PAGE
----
With his two faces the Roman God Janus was able to look in two different directions at once, a skill he traditionally employed as a gatekeeper, as a guardian of transitions, observing the past while always having his view firmly on the future; but a skill which is also helpful in understanding design processes, allowing as it does one to see simultaneously both the finished article, and the research, experimentation and design philosophy that lead to it.
Presenting works by eight Liège based studios which juxtapose the finished product with the development process, the exhibition Face A – Face B at Design Station Liège allows just such a Janus perspective.
In our instantaneous contemporary world design is all too often reduced to an image or an emotion, something that can be directly visually mediated, consumed, and thereby denied all that it actually is. Including denying the process that lead to it. That which defines it. And which may well lead to it evolving into something else in the future.
Organised by the non-profit agency Wallonie Design, Face A – Face B is a platform for both contemporary design from Wallonia, but also for an exploration of the research and development involved in design, the relationship of that research and development to the finished object and also how the individual designer’s positions to and understandings of design inform that research and development; and a task in which it is ably assisted by a very intelligent exhibition design concept by Liège based studio DesignWithGenius, an intelligent exhibition design concept which tends to imply that on this occasion they have. Doesn’t mean they always do. Have here.
The secret to the exhibition concept is a scenography which sets the finished objects in a room set-up, discreetly veiled behind a curtain, and around which the studios’ research and positions are presented; an exhibition design concept which not only neatly separates the two components, but which forces you to continually criss-cross the exhibition space to make/understand the connections, and thereby not only creating the impression of a much more expansive presentation, but also avoiding a rather mundane research, project, research, project, research, ad nauseam, narrative.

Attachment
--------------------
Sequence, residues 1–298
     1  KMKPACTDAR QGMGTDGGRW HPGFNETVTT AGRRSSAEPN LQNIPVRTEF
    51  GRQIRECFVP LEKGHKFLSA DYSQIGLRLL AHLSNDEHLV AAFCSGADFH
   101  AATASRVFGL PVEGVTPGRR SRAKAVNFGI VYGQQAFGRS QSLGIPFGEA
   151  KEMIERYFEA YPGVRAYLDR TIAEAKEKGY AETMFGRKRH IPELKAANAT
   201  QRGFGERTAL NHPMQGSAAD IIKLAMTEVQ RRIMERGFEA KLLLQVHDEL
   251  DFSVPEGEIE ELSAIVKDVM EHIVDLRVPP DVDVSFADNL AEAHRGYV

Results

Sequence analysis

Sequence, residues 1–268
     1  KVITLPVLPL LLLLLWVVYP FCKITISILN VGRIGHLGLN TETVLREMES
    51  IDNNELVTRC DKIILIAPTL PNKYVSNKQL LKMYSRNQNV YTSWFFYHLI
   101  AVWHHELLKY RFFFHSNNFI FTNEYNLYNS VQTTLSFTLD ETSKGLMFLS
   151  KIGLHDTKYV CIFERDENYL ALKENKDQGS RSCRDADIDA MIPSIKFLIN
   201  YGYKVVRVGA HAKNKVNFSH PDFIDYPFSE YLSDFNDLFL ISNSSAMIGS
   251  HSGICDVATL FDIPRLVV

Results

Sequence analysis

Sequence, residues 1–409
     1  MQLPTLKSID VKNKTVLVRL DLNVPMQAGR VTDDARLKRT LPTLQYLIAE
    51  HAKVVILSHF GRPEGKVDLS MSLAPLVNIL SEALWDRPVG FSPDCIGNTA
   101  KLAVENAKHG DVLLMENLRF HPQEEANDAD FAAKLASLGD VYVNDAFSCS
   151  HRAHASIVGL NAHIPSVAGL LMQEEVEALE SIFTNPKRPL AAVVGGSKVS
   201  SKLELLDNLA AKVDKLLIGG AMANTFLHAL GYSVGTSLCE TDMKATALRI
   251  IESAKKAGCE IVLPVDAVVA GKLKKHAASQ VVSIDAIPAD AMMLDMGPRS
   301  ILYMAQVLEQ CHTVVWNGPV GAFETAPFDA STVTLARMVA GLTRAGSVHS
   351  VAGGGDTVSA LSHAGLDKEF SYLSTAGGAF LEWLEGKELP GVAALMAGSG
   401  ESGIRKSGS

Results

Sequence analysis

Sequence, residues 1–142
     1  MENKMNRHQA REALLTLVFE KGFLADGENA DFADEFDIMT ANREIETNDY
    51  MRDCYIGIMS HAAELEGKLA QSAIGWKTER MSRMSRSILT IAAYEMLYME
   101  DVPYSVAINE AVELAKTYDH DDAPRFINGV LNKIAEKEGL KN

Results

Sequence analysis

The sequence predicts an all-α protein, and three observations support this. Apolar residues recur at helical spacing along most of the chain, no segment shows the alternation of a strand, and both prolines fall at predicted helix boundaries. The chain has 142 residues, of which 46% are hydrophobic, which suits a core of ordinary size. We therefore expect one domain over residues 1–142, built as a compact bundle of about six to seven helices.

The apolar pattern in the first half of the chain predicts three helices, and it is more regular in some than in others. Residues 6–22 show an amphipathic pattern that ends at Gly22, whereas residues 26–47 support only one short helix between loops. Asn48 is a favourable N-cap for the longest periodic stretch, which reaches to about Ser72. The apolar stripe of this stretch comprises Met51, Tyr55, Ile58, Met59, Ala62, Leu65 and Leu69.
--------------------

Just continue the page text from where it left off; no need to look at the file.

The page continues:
Featuring a mix of design genres including product, furniture, lighting and graphic Face A – Face B touches upon numerous issues in contemporary design including those directly related to the design process such, and amongst others, sustainability of materials/ production process and more general questions of product lifecycles, but also issues relating to the business of design, including the place of the designer in the contemporary design industry, client/designer relationships, the challenges of establishing your own studio, and also the difficulty of explaining the work involved to produce something apparently obvious and effortless.
Which is in many regards the underlying message. That that oh so insouciant instagram photo hides a whole lot of blood, sweat, tears, nerves, (lost and found), not to mention emails and conversations. And, and as we always emphasise, understanding that is important if one is to properly differentiate between design and that which marketeers will have us believe is design. And why is that important? Arguably it isn’t. But if we accept that design is not only a cultural element, one both reflective of contemporary society, but also one proposing new directions, and if we further accept that designers create the objects with which we share our lives, those objects we consume and which are consumed on our behalf, then we’d argue it is helpful to understand design, to learn how different designers think. And even more important to develop, and continually re-consider, your own position to design. And you don’t do that by reading blogs, but by getting out there and exploring.
A readily accessible and clearly formulated exhibition, we’re not going to pretend we were taking with all the realised objects on display, and we hope you wouldn’t ‘t believe us if we did, hope you would scorn us for our insincerity; but then as an exhibition Face A – Face B isn’t primarily about the end products. Which is what makes it interesting and relevant. And each of the designers’ stories is well worth hearing, well worth considering, each contributing as it does to the whole composition and thereby understandings of contemporary design.
An allowing us all to feel a little like Janus…..
Face A – Face B runs at Design Station, Rue Paradis, 78 4000 Liège until Sunday November 25th.
Full details, and information on the complete Reciprocity programme can be found at www.reciprocityliege.be